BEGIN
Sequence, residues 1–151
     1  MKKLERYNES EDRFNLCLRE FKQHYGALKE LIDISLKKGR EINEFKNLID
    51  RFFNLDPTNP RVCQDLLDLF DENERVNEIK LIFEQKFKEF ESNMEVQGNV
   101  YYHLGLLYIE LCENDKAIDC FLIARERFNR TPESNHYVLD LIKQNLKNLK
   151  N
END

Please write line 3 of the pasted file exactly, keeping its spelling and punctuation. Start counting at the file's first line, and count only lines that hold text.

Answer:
    51  RFFNLDPTNP RVCQDLLDLF DENERVNEIK LIFEQKFKEF ESNMEVQGNV